Museum of Natural History Worker Says She Was Fired for Unionizing Over COVID Safety

An employee of New York City's American Museum of Natural History says that she was fired over her efforts to organize an expanded labor union amid concerns about COVID-19 safety.

Jacklyn Lacey, an anthropologist who specializes in African and Pacific Ethnology, told Newsweek on Monday that she was fired from the museum after 11 years of employment as she was working on efforts organize a group of 184 colleagues into an expanded union. The museum workers cited COVID-19 concerns and compensation issues related to the pandemic as reasons for unionizing.

A petition for the workers to be represented by the American Federation of State, County and Municipal Employees' District Council 37, New York City's largest union of public sector employees, was formally filed with the National Labor Relations Board last week. The union had already represented a smaller unit of workers at the museum, including Lacey.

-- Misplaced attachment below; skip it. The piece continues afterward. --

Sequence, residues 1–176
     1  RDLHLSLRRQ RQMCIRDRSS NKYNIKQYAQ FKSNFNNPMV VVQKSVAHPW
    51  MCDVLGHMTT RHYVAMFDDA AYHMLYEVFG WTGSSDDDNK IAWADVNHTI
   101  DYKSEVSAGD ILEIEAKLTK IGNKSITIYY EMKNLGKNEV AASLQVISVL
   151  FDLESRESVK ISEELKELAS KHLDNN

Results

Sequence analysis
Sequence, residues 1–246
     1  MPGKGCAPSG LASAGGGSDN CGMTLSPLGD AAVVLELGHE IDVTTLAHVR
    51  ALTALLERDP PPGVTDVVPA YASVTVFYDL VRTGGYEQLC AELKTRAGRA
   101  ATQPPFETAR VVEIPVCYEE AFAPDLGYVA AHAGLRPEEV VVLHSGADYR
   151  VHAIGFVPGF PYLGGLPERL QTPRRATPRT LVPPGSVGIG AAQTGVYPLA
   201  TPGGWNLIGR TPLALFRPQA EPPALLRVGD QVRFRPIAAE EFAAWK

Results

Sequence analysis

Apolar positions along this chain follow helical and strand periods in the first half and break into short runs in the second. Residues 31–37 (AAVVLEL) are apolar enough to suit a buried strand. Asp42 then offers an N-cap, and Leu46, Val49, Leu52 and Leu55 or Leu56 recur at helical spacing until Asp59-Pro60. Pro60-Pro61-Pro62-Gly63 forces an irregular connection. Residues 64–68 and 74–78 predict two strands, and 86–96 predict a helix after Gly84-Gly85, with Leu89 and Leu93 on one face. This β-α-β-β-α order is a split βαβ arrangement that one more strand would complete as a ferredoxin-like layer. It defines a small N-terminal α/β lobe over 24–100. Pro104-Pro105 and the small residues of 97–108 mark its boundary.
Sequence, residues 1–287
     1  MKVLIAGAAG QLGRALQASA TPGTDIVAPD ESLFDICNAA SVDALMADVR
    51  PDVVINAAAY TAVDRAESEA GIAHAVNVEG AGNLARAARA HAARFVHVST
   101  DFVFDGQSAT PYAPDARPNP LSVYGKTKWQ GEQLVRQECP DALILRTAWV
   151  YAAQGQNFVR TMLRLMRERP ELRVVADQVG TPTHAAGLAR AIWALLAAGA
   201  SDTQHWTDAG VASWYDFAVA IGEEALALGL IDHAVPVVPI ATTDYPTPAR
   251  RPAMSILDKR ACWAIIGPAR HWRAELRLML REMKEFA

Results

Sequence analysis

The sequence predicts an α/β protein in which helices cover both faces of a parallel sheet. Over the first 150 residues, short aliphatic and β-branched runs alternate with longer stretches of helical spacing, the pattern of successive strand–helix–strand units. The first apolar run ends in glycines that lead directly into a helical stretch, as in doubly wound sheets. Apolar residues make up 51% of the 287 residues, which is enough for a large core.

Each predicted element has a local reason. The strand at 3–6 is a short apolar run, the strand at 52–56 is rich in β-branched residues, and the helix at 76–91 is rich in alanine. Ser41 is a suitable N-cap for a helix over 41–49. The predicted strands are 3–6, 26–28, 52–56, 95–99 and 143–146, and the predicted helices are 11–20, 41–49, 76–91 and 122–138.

Prior to allegedly being targeted for her work as the union organizing committee chair, Lacey said that the museum began to retaliate against her personally for whistleblowing about allegedly unsafe COVID-19 mitigation practices. She has accused the museum of violating New York state's HERO Act, a law intended to protect employees from being exposed to the virus.

Lacey expressed increasing concerns about health and safety at the museum after it was announced that staff would be required to return to working in person last September. Alleged safety failings included poor ventilation, inconsistent enforcement of mask wearing policy and the hoarding of face masks by museum administrators.

"The ventilation wasn't right, the mask enforcement wasn't there," said Lacey. "The museum refused to tell people in writing that N95s and KN95s [masks] were available upon request. It wasn't until I bullied them about it on Twitter that they finally told staff in writing that they were available. But they were hoarding them."

Natural History Museum Labor Unions COVID-19 NYC